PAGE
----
Divorce is hard.
It just is. Even an amicable divorce is a traumatic experience – and where conflict exists, that trauma is magnified. What “was” no longer “is”, and what tomorrow brings is uncertain and frightening – for both parties.
So, then, what do you do?
Well, keeping in mind that no divorce is easy, there are a few tips than can help you move from a difficult past and present to a less difficult and frightening tomorrow.
With that in mind, in 32 years of divorce work, and having gone through a divorce myself, I offer the following tips to help you move from where you are, to where you want to be – the “New Normal.”
1. Abnormal is “Normal”
First realization: the chaos, and uncertainty and fear that you are experiencing is completely normal.
You are not crazy, are not different, and while perusing Instagram and Facebook might make it seem that everyone in the world are leading awesome, joyful lives except for you – the reality is that those portrayals are “masks” people put on otherwise difficult lives. Over 40% of people will experience divorce, and every one of them has experienced the same fears and anxieties that you feel right now.
So, you’re not alone, and your “abnormal” feelings, are, in fact, completely normal.
Allow yourself to feel them. Accept them. And work towards reducing them.
2. Get Counseling, Talk to Healthy Friends and Family
Divorce can be a very isolating and solitary experience. Even close friends and family may give off vibes after the initial break-up that they just don’t want to hear anymore about your problems, and that you should just “get over it.”
Or, under the guise of being “helpful” they may do one of two things – neither of which are actually “helpful”:
a) They may pile on the invective and criticism of your former spouse. Increasing anger and frustration is not helpful to you. You might feel like it is – but in fact, the goal I try to encourage my clients to work towards is “indifference”. Easier said than done, I know. But increasing your anger and frustration is actually counter-productive to helping you move forward to a life where your past pain is, well, “in the past.” Try to avoid these people – even if they are well-meaning. You don’t need more reasons to be angry and frustrated;
b) They may explain to you why YOU are wrong – you know, “helpful honesty”. Now, while a degree of introspection and self-analysis is helpful, more often than not, these people have a sort of “schadenfreude” – namely, they get pleasure from your pain and inadequacy. If you are “worse” that makes them “better”. Avoid these people too.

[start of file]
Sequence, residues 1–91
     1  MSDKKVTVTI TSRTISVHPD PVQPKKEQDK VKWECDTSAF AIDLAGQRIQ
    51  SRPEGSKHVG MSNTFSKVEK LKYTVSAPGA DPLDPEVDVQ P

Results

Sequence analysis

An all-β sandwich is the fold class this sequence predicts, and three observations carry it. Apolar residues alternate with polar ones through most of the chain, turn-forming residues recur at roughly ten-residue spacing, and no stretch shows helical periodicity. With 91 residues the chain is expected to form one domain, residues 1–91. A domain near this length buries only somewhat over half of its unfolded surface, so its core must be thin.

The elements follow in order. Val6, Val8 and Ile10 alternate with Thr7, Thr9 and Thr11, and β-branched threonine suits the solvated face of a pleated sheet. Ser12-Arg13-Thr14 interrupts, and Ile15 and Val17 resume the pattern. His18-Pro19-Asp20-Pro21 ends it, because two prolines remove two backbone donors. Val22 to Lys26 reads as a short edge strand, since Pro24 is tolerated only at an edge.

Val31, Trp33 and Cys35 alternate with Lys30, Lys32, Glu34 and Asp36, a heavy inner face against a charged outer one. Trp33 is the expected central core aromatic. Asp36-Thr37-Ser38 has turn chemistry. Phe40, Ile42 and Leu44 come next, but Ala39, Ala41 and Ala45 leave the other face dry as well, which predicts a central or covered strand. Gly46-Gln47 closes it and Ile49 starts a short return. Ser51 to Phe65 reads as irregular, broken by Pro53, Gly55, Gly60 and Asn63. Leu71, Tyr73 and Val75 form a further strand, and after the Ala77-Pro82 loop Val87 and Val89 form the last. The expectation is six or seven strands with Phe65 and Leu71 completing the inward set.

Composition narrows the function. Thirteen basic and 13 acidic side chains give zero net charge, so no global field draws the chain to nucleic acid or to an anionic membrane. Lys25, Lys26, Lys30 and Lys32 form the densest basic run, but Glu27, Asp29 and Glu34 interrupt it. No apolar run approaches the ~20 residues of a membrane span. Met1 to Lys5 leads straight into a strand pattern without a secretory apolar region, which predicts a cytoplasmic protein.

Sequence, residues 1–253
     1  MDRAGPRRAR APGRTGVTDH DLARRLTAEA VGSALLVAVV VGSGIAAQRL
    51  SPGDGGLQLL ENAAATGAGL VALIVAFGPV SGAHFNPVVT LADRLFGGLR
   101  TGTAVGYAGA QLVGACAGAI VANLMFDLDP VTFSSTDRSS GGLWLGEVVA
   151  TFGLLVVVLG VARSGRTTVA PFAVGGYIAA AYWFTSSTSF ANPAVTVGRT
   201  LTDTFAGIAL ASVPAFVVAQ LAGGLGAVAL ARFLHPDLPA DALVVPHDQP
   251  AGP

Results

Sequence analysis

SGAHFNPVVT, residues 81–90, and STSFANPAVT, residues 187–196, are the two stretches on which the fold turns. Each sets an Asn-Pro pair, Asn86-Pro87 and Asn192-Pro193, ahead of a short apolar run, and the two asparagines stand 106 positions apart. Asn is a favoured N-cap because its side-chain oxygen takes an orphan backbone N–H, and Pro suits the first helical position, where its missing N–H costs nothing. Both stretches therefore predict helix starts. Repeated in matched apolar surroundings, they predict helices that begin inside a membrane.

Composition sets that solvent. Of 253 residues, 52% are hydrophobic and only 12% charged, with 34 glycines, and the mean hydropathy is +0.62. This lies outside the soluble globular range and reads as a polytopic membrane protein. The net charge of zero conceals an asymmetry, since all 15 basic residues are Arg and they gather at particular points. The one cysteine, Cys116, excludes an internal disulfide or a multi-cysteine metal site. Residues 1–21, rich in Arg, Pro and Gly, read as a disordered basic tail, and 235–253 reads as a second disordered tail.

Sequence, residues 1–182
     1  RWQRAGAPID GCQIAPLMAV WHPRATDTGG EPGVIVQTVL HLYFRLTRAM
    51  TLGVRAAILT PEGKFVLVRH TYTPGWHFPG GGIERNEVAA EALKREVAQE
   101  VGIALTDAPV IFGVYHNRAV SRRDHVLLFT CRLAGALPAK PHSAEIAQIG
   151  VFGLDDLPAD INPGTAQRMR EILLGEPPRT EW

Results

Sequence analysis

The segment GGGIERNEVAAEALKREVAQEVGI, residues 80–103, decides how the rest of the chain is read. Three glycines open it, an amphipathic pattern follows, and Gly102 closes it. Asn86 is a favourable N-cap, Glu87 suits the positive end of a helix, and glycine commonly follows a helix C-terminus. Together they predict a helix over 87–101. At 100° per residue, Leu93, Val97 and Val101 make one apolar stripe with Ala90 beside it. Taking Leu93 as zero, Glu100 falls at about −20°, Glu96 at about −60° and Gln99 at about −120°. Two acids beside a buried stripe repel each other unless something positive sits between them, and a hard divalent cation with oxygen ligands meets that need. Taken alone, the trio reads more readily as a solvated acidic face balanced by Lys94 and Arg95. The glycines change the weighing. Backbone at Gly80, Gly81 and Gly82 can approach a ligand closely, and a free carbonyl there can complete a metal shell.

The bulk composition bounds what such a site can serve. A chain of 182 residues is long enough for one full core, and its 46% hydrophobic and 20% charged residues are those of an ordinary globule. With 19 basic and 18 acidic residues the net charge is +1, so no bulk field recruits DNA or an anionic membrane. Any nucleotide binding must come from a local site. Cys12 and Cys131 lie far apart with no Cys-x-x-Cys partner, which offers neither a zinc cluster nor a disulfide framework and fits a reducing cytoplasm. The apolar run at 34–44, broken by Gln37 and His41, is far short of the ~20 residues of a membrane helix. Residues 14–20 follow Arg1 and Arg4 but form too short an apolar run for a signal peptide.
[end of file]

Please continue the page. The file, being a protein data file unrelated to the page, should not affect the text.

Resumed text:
What you want are people that allow you to express yourself, who offer little judgment, good or bad, and simply allow you to feel what you feel. These people are hard to come by (especially for men). If you don’t have one of these people – or even if you do (because they have lives too) you would be very well advised to seek out counseling as soon as is possible.
In order to make the difficult decisions that need to be made – in order to most effectively work with your lawyer – you need to be your “best self”. Counselling will help you work through your feelings, and help you orient yourself towards a positive future, instead of dwelling in a painful past.
3. Healthy Body, Healthy Mind
There is, without question, a clear connection between a healthy body and a healthy mind. Whether dealing with stress and anxiety, or even mild depression, a healthy diet and healthy lifestyle is very helpful to reducing those stresses.
Which isn’t to say that you need to enter a marathon tomorrow. Or become a vegan.
There is a tendency in a relationship breakdown to seek out “comfort” in ways that are not actually comforting in the long run. Sleeping in later. Eating unhealthy food. Becoming a couch-potato. Avoiding social interactions requiring you to, well, shower.
While eating healthy and getting some exercise do require some effort – and while going through a relationship breakdown while trying to maintain other responsibilities can feel over-whelming at times, in my experience and my own research, reducing unhealthy eating and getting some exercise – even just a short morning walk – are very helpful to reducing stress and depression and can help you feel better about your today and tomorrow.
4. Be “Good to Yourself”
See the above regarding healthy eating and exercise.
Beyond that – ask yourself what gives you joy. A while back I had a conversation with a highly stressed and anxious client about their file, and I could see he was struggling. I asked him, “what do you like to do when you’re not hanging out with your lawyer.” He responded that he used to love fishing. I asked him when the last time he went fishing was, and he expressed it had been years. My “legal advice” that day was, “get out fishing”.
A few weeks later he was functioning better, our meetings were more productive – and he expressed his gratitude for me prodding him to be good to himself. To push him to do something that he enjoyed – reducing his stress and his loneliness post separation.
It’s very typical to dwell on your sadness and disappointment of what “could have been” and to lament your loss. That’s so completely normal. But sometimes, that wallowing can be very unhealthy and unhelpful to moving forward.
Take a moment to consider the things you enjoy doing, or you think you would enjoy doing – and do them.